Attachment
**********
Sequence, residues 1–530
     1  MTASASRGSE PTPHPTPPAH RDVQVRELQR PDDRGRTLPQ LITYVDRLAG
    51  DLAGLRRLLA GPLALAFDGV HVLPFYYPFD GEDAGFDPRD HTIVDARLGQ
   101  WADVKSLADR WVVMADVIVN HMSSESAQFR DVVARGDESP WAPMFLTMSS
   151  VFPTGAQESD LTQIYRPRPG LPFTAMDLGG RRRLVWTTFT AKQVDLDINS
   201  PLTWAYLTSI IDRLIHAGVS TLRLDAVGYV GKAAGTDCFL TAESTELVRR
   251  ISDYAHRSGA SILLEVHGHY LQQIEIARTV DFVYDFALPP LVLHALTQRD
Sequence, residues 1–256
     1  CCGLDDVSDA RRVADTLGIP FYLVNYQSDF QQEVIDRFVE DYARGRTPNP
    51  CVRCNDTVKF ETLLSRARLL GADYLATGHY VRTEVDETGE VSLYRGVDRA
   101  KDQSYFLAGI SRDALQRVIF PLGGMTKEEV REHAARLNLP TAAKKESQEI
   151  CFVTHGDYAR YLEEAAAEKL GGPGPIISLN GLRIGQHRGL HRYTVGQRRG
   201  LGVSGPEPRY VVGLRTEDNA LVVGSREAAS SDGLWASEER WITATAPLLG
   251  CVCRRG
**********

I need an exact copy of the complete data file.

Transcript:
Sequence, residues 1–530
     1  MTASASRGSE PTPHPTPPAH RDVQVRELQR PDDRGRTLPQ LITYVDRLAG
    51  DLAGLRRLLA GPLALAFDGV HVLPFYYPFD GEDAGFDPRD HTIVDARLGQ
   101  WADVKSLADR WVVMADVIVN HMSSESAQFR DVVARGDESP WAPMFLTMSS
   151  VFPTGAQESD LTQIYRPRPG LPFTAMDLGG RRRLVWTTFT AKQVDLDINS
   201  PLTWAYLTSI IDRLIHAGVS TLRLDAVGYV GKAAGTDCFL TAESTELVRR
   251  ISDYAHRSGA SILLEVHGHY LQQIEIARTV DFVYDFALPP LVLHALTQRD
Sequence, residues 1–256
     1  CCGLDDVSDA RRVADTLGIP FYLVNYQSDF QQEVIDRFVE DYARGRTPNP
    51  CVRCNDTVKF ETLLSRARLL GADYLATGHY VRTEVDETGE VSLYRGVDRA
   101  KDQSYFLAGI SRDALQRVIF PLGGMTKEEV REHAARLNLP TAAKKESQEI
   151  CFVTHGDYAR YLEEAAAEKL GGPGPIISLN GLRIGQHRGL HRYTVGQRRG
   201  LGVSGPEPRY VVGLRTEDNA LVVGSREAAS SDGLWASEER WITATAPLLG
   251  CVCRRG